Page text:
“The case,” he said slowly, “far from being solved, has just begun.”
Racing up Arrow Mountain in a desperate attempt to escape the forest fire that has cut off the road behind them, Inspector Richard Queen and his son Ellery are relieved to discover a house at the top of the mountain. Their refuge is short-lived, however. Something strange is going on at the Xavier mansion, a situation that can only end in murder. As the flames creep higher and higher up the mountain, the entire group is facing certain death. What they don’t know is how that death will come—from the fire, or at the hands of a human killer.
The Siamese Twin Mystery grabs the reader from page one and never lets go. It’s hard to imagine a more irresistible setup than being trapped on a burning mountain with a crazed killer, and the fire isn’t just a gimmick; it’s indelibly woven into the narrative throughout. An exquisitely constructed detective story suffused with gothic atmosphere, Siamese Twin is everything a mystery fan could hope for.
Though father and son are grateful to Dr. John Xavier for offering them shelter from the fiery night, it is immediately clear to them that they’ve stumbled into something they do not understand. “More like an eagle’s eyrie than a roost for human beings,” the house at the summit of Arrow Mountain is built around the laboratory where Dr. Xavier performs medical experiments relating to conjoined twins. At first, it seems like only a small group is present: Dr. Xavier, his charismatic wife, his brother Mark, assistant Dr. Holmes, and their houseguest Ann Forrest. Over the course of the evening, however, Ellery and the Inspector come to suspect that these dark corridors may be hiding secrets. An undercurrent of tension is running through the party, and the Inspector glimpses a strange figure in the shadows. “It didn’t look like anything human,” he insists, “I’d bet my life!”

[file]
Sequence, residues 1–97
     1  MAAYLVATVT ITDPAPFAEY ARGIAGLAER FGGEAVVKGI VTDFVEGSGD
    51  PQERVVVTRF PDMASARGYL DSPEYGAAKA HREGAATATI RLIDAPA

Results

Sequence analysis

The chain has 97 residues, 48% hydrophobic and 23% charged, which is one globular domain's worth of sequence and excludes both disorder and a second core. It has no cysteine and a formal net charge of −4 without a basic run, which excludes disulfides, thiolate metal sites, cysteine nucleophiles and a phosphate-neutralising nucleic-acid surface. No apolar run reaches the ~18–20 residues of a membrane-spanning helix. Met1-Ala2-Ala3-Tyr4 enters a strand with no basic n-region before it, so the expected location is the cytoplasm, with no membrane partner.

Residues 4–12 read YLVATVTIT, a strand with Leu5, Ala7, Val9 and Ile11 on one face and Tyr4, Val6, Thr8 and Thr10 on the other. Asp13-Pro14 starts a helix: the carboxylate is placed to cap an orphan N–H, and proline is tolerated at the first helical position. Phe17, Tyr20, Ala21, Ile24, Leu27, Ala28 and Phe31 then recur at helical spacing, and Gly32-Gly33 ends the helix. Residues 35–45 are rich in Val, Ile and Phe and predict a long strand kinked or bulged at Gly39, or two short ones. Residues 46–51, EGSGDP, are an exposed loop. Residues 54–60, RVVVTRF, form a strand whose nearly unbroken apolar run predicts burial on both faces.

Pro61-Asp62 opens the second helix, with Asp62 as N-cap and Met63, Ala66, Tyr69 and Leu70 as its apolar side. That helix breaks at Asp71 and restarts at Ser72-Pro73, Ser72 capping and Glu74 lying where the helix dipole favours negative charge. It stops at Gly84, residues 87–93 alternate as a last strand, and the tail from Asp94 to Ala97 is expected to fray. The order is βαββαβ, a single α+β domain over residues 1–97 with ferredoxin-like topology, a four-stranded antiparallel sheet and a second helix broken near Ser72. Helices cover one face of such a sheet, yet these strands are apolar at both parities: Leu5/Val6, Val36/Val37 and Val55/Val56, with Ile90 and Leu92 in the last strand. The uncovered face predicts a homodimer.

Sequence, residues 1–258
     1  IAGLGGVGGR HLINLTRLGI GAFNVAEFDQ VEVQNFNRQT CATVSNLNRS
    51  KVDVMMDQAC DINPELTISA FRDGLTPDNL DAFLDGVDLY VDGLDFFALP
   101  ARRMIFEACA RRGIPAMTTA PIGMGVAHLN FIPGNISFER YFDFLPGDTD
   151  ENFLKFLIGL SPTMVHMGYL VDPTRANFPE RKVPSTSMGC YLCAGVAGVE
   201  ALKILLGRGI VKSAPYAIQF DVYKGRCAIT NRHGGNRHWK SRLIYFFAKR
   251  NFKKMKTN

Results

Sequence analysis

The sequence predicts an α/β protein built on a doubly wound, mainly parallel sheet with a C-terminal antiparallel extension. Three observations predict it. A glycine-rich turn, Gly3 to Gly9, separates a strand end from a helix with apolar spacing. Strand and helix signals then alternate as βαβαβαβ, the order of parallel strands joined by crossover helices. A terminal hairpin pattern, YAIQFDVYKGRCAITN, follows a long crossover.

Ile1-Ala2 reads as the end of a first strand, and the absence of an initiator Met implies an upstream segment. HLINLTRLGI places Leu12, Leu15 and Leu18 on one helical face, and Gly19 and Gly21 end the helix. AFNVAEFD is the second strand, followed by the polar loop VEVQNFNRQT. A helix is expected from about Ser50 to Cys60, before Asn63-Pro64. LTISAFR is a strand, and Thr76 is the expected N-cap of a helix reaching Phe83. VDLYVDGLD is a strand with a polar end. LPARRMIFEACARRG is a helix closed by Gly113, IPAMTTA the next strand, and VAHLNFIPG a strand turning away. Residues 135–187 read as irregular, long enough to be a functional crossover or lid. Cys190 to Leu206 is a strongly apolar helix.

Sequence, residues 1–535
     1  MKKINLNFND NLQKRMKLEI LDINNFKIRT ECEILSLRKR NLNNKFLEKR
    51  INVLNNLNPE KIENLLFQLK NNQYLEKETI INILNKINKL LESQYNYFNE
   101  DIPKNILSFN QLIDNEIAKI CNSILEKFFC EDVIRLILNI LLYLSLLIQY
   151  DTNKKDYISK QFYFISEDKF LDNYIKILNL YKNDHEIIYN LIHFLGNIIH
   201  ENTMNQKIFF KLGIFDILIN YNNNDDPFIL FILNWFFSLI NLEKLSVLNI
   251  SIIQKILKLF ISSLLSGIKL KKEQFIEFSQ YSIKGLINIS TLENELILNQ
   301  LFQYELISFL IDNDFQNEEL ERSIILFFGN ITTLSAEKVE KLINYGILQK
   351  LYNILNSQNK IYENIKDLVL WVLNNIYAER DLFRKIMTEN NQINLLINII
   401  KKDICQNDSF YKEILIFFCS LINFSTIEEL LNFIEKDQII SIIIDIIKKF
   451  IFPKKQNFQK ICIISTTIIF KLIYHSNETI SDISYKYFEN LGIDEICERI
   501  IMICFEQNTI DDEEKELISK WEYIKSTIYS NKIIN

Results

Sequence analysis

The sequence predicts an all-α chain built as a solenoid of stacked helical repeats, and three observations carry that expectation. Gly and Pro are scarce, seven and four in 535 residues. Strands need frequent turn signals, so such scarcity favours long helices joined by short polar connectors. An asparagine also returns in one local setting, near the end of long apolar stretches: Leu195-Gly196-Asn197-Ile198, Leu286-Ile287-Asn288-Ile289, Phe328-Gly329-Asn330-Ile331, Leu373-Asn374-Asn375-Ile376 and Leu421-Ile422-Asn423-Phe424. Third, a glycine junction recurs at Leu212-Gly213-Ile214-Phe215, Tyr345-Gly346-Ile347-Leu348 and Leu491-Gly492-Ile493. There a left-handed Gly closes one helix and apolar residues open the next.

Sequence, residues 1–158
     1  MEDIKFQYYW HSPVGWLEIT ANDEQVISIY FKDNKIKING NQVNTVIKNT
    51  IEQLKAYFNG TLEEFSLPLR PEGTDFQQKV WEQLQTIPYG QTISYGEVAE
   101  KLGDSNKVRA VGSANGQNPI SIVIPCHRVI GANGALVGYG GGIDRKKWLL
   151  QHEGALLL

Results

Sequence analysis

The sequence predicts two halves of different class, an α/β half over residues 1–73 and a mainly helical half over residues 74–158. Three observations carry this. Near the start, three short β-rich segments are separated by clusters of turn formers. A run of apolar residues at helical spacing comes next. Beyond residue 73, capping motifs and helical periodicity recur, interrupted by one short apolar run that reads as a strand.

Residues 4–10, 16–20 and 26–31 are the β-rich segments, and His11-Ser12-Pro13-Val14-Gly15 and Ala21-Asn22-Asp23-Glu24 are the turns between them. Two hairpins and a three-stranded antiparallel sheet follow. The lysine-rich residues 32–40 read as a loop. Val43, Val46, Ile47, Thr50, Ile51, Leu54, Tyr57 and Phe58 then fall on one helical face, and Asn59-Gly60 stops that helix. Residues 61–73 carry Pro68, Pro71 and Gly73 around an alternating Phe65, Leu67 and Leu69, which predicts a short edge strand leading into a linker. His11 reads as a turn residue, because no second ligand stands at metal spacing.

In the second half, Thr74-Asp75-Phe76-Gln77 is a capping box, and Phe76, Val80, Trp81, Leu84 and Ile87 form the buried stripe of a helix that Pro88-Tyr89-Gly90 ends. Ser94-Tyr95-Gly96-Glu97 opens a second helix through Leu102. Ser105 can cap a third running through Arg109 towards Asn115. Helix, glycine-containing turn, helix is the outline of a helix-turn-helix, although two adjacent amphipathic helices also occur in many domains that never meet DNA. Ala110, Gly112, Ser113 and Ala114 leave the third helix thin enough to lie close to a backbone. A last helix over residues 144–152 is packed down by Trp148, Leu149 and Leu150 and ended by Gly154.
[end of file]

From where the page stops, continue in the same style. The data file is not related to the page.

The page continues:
It’s not long before Dr. Xavier is found murdered in his study, one sooty hand clenching the torn half of a playing card. With the house cut off from police by a ring of fire, Ellery and Inspector Queen have no choice but to find the killer themselves. The crime initially appears to be almost disappointingly straightforward, but as each piece of evidence is interpreted and reinterpreted, the case only becomes more complex. All of the irritants that have, at one point or another, affected previous investigations—slow pacing, too many suspects, belabored examinations of evidence, overly artificial solutions—have been ironed out here. (The only false note is a truly boneheaded move by the Inspector that seems designed solely to prolong the investigation.)
As if the Queens near their best are not enough, the fire is coming closer with every minute that passes, creating terrific suspense. The heat, smoke, and soot are almost palpable as tempers fray and food runs short. At times, Ellery is forced to abandon the case altogether, as detectives and suspects alike must join forces to beat back the encroaching flames.
They stifled in the evening heat. From the terrace, to which they had repaired by common consent after a dinner of tinned salmon and silence, the whole of the visible sky was peculiarly red, a rubaceous backdrop framing the mountainous scene and made dull and illusory by the clouds of smoke which soared from the invisible burning world below. It was a little difficult to breathe…Specks of orange light whirled into the sky from below on the wings of the updraft of wind, and their clothes were grimy with cinders.